Honolulu, HI (PRWEB) January 15, 2008
Seniors face the life challenges of declining physical health, mental capacity and even social communication -- all prime factors in making life worth living. But an increasing number of seniors in the Honolulu area are happily discovering that these declines can be softened and life quality enhanced by regular and gentle yoga exercises.
Among Honolulu-area seniors, the retired Yashimas -- Sue, 59, and Wallace, 74 -- are contributing to a "yoga boom." The Yashimas are recognized volunteers of the Dahn Foundation (http://www.dahnfoundation.org, which shares Dahn Yoga body-brain fitness expertise (http://www.dahnyoga.com) with the community.
Each week, this couple jointly teaches 270 elderly, ages 55 to 92, at five senior centers throughout the Honolulu area. The classes consist of 95% women. (Men say that they are too shy to take a class with so many women.) With most facilities provided by the Honolulu City and County's Board of Parks and Recreation, the Yashimas teach two one-hour classes, four mornings a week.
Here is what the seniors get from Sue and Wallace's yoga classes:
1. Feeling good about themselves. The couple showers them with love and acceptance, from hugs for everyone, to advice on how to treat problems such as sore shoulders and insomnia. Sue explains, "I give them love and they feel it. With my hugs, I whisper, "I am giving you energy to last you all day!' I am smiling all the time. My heart is one of the main reasons they come back to class." They attend class for social reasons.
2. A comprehensive physical workout. The exercises are a means to the end of seniors feeling good about themselves. The classes combine the yoga and tai chi gong (a pain-relieving martial art). The exercise sequence is standing, sitting in a chair, lying on a floor mat, and standing again. The exercises include stretching, breathing and tapping (to stimulate circulation). Vibrating parts of the body and even laughing as an exercise are featured. Intestines, other internal organs, bones, muscles and joints all get attention.
The seniors who attend the classes feel the need for exercise to improve physical conditions, keep their morale up, and fulfill their social needs. Many have heart, blood pressure, respiration and cholesterol problems, and contend with replaced hips and knees. According to Wallace, "Many of our yoga students tell us that their physicians are surprised at how their older patients have improved, physically and mentally."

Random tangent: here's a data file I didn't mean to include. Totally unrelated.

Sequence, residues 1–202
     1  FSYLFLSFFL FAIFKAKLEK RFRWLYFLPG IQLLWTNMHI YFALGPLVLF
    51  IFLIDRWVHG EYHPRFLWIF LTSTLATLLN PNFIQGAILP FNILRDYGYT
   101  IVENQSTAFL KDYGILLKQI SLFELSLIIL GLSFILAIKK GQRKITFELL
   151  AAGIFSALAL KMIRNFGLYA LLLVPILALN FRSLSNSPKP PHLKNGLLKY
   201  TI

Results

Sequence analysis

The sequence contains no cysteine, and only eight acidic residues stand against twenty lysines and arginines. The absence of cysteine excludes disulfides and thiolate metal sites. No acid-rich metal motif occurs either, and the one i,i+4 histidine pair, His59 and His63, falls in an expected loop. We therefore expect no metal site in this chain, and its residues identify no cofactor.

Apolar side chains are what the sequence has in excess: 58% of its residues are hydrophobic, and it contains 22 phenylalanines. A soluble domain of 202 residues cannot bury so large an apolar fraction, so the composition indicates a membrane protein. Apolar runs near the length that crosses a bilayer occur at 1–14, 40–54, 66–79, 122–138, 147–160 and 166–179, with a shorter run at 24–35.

Ilchi Lee (http://www.ilchi.com), founder of Dahn Yoga and president of the University of Brain Education (South Korea), states, "Systematic yoga exercises -- by creating a positive mindset, opening the body's energy channels, and stimulating blood circulation -- can benefit the human brain, which in turn can affect how we age, how we stay healthy, and how long we live."
The Yashimas adjust the all-indoor classes depending on the weather (when bad, seniors feel sore) and the students' physical-mental conditions (tired, sad or anxious). Sue points out, "We plan the class based on where they are at, and then take them to a state that feels relaxed, energetic and joyous."
The couple shares a healing vision and service commitment. Sue admits, "When we meet people at places all over Honolulu, many of them say they know who we are and have heard of our yoga classes. This feels very satisfying to us."
The couple calls what they teach Sambo Dahn Yoga. "Sambo" in Korean means "three treasures" (body, mind and spirit), and "Dahn" refers to "bright energy." In 2001, they started taking yoga for their own health at a Dahn Yoga Center in Honolulu, one of 120 centers in the U.S. After a year of taking these classes, they realized how much Dahn Yoga would benefit older people.
The Yashimas' first step toward teach the elderly was to find a senior center at which they could adapt standard Dahn Yoga exercises to the specific needs of seniors. Sue states, "My parents are in South Korea and I'm in Hawaii. I deeply regret that I cannot take care of them. So by caring for my senior students, it feels like I'm honoring my parents."
In the Dahn Healing System program, Sedona, AZ, Sue acquired the skills to be a yoga instructor. Back in Honolulu, she overcame her fear of being in front of people as a teacher. So that the couple could volunteer together, she trained Wallace as an assistant instructor. After having five centers at which to teach, they trained their first instructor, a retired schoolteacher who had taken their class. Soon they will train eight new yoga teachers.